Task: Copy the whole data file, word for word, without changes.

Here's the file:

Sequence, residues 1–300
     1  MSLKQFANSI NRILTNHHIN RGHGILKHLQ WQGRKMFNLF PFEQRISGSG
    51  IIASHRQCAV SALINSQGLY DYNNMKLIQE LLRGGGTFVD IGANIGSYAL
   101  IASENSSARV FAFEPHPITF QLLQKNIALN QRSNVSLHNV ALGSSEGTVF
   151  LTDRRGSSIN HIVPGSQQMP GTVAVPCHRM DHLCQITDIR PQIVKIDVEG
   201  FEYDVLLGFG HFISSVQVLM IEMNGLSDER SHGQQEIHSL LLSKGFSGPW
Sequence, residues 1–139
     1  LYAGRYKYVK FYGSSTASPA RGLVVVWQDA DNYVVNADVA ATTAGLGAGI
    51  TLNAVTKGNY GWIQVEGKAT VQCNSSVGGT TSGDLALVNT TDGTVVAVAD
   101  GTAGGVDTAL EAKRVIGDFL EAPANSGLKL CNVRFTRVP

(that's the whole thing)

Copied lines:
Sequence, residues 1–300
     1  MSLKQFANSI NRILTNHHIN RGHGILKHLQ WQGRKMFNLF PFEQRISGSG
    51  IIASHRQCAV SALINSQGLY DYNNMKLIQE LLRGGGTFVD IGANIGSYAL
   101  IASENSSARV FAFEPHPITF QLLQKNIALN QRSNVSLHNV ALGSSEGTVF
   151  LTDRRGSSIN HIVPGSQQMP GTVAVPCHRM DHLCQITDIR PQIVKIDVEG
   201  FEYDVLLGFG HFISSVQVLM IEMNGLSDER SHGQQEIHSL LLSKGFSGPW
Sequence, residues 1–139
     1  LYAGRYKYVK FYGSSTASPA RGLVVVWQDA DNYVVNADVA ATTAGLGAGI
    51  TLNAVTKGNY GWIQVEGKAT VQCNSSVGGT TSGDLALVNT TDGTVVAVAD
   101  GTAGGVDTAL EAKRVIGDFL EAPANSGLKL CNVRFTRVP